1. Pretty cool that you got to see the continuity script! Excellent.

      I liked the first two Star Wars movies but thought the third deteriorated pretty badly. Curiously, I was just up in Hawke’s Bay where I re-visited the cinema I first saw Star Wars in. Took a photo of the place along the wall outside where I was in the queue when they sold out, the first time I tried to see it… Years ago, but it’s stuck in my memory – probably indicative of the extent to which the movie made an impression on my 15-year old self. I’m not sure what I’d think if I saw it now though.

  3. I’m with you on this. I love films… and I love the possibilities in sci-fi films, although not always the execution! But it does sometimes seem difficult to express any positivity for Star Trek without being labelled a Trekkie. I have liked some of the ST films and thought others are awful. I also liked a lot of the first two iterations of the TV series but haven’t seen any of the others. It still haven’t seen the new movie, even tough it’s been out here a couple of weeks – but I will. People love to pigeon-hole. Not our fault!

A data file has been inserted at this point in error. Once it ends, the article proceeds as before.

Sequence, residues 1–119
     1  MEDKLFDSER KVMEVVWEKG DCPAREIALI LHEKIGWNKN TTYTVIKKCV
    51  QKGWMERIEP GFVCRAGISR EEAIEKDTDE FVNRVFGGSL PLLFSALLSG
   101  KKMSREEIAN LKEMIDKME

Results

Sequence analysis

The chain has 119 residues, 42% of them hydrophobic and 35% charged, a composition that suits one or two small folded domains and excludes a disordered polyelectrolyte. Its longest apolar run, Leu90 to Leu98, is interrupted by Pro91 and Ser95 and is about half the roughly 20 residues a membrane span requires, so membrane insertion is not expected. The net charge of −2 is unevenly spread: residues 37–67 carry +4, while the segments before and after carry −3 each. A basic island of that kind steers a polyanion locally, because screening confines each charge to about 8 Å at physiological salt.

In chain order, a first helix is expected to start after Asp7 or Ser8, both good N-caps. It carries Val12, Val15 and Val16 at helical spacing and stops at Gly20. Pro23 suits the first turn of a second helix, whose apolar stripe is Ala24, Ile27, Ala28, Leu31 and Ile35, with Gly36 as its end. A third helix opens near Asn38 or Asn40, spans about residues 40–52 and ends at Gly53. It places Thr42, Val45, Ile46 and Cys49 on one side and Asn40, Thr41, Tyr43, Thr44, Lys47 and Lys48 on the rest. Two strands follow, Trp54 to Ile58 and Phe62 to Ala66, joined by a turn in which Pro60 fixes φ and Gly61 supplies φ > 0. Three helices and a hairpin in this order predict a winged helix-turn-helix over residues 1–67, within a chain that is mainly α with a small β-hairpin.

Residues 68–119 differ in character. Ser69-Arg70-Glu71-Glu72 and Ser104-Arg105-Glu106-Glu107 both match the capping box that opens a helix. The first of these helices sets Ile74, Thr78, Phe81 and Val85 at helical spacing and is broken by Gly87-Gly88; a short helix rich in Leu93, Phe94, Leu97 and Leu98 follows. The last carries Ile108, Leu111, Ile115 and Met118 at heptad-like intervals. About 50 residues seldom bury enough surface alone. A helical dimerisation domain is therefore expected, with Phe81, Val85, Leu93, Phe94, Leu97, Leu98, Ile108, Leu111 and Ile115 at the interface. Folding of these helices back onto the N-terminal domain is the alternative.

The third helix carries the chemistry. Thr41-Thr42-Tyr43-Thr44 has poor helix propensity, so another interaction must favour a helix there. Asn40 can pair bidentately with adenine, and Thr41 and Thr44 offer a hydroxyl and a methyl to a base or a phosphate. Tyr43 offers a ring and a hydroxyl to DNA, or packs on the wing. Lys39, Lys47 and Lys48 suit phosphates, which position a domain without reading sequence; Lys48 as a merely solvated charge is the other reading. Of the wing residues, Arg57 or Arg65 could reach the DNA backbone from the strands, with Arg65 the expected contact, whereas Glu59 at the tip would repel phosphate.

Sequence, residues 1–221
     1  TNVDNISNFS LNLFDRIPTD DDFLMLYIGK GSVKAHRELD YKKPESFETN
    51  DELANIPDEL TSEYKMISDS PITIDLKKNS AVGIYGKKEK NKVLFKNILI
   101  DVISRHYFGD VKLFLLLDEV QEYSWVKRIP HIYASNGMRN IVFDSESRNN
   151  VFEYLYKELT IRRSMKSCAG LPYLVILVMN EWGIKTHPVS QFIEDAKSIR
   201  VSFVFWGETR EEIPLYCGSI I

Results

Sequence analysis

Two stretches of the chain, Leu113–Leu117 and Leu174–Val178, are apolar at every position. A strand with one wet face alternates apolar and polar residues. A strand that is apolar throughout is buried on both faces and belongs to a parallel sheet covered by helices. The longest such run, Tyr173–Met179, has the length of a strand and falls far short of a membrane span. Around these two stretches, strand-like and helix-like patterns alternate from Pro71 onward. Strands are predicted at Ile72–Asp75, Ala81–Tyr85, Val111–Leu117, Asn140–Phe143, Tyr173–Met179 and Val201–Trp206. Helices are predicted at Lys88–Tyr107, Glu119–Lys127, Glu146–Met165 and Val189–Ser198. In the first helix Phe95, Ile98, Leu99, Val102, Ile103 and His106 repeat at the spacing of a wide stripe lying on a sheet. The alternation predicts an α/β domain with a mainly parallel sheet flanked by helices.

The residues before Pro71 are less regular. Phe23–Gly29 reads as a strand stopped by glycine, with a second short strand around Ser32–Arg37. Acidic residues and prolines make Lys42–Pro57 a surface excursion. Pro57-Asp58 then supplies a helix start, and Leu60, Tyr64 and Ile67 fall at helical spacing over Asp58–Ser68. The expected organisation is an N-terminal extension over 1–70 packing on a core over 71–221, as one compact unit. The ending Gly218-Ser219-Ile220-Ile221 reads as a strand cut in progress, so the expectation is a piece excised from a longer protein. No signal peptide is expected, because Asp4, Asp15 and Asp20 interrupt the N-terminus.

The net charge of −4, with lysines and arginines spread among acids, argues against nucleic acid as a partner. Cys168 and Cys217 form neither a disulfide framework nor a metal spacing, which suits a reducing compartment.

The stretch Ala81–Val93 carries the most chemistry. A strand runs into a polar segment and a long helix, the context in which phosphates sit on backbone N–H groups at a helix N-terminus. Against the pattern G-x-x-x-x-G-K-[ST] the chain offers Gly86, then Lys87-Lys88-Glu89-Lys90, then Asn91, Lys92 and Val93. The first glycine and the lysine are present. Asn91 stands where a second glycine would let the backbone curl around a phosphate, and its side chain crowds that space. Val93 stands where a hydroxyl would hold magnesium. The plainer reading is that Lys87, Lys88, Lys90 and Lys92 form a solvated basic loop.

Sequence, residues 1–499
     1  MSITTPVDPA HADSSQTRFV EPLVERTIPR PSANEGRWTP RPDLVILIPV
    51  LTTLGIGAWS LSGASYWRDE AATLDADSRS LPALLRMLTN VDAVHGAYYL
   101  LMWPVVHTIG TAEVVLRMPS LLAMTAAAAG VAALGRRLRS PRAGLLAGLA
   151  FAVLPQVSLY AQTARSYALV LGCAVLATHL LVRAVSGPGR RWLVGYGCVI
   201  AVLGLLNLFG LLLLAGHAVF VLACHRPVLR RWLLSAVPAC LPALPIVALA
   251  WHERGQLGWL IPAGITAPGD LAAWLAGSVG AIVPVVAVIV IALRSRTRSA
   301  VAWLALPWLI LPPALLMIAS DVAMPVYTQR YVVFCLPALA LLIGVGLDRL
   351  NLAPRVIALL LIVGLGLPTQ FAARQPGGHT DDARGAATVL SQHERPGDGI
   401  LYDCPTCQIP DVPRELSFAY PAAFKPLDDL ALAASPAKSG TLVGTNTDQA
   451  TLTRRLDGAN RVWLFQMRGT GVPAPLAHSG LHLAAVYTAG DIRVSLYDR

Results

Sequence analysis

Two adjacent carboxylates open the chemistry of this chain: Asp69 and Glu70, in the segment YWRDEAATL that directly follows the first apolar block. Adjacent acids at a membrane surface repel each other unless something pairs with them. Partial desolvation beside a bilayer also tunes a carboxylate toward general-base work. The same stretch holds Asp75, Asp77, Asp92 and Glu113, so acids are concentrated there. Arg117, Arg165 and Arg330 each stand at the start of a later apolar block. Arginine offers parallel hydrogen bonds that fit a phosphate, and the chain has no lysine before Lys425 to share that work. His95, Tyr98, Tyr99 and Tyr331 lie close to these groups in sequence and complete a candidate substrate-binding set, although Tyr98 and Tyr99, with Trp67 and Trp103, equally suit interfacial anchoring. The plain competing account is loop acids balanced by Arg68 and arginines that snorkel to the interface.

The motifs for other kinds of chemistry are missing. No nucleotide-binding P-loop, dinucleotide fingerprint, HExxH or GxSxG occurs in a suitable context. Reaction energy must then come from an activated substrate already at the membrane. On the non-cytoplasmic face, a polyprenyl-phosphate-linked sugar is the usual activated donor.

4. I recently went to see the new Star Trek movie and loved it. There was humor and action and plenty of special effects. Leonard Nimoy even makes an appearance. I agree with you about the original movies being the best. But I think you will enjoy this one and be pleasantly surprised by the actors’ excellent performances. I look forward to another edition into the unknown.

  5. This newest one I liked, but did not think it was the best one. It seemed a bit disjointed, and, frankly, I’m not sure why. It was the first movie I’ve watched in 3-D since I was a little girl and wore those cardboard glasses. The balls they showed on intro had a better 3-D effect than the whole movie. There was a lot of action, but some of it seemed thrown in simply for the sake of having some action. The humor was good; the acting fair.

    1. I have to admit I tend to avoid 3D where I can – it tends to end up with a forced perspective effect, like those old Viewmaster slides, and it doesn’t actually replicate the way we see things normally. As I write this I have yet to see the new Trek movie, it’s certainly on the agenda but time is against me.

Comments are closed.